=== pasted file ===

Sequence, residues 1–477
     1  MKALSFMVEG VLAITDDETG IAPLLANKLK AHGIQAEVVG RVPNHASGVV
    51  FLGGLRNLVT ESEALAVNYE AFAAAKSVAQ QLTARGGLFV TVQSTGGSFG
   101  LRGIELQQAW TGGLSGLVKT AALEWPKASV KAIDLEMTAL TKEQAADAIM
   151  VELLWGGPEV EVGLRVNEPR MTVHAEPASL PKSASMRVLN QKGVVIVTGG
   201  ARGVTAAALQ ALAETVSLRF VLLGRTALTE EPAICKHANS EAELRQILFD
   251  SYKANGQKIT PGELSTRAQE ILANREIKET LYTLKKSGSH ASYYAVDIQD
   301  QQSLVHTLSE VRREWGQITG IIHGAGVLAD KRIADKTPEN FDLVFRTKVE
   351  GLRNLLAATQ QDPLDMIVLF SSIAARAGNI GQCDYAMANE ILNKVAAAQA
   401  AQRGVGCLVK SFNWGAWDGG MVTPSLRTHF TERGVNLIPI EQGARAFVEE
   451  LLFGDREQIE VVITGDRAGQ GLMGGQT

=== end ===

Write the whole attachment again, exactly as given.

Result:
Sequence, residues 1–477
     1  MKALSFMVEG VLAITDDETG IAPLLANKLK AHGIQAEVVG RVPNHASGVV
    51  FLGGLRNLVT ESEALAVNYE AFAAAKSVAQ QLTARGGLFV TVQSTGGSFG
   101  LRGIELQQAW TGGLSGLVKT AALEWPKASV KAIDLEMTAL TKEQAADAIM
   151  VELLWGGPEV EVGLRVNEPR MTVHAEPASL PKSASMRVLN QKGVVIVTGG
   201  ARGVTAAALQ ALAETVSLRF VLLGRTALTE EPAICKHANS EAELRQILFD
   251  SYKANGQKIT PGELSTRAQE ILANREIKET LYTLKKSGSH ASYYAVDIQD
   301  QQSLVHTLSE VRREWGQITG IIHGAGVLAD KRIADKTPEN FDLVFRTKVE
   351  GLRNLLAATQ QDPLDMIVLF SSIAARAGNI GQCDYAMANE ILNKVAAAQA
   401  AQRGVGCLVK SFNWGAWDGG MVTPSLRTHF TERGVNLIPI EQGARAFVEE
   451  LLFGDREQIE VVITGDRAGQ GLMGGQT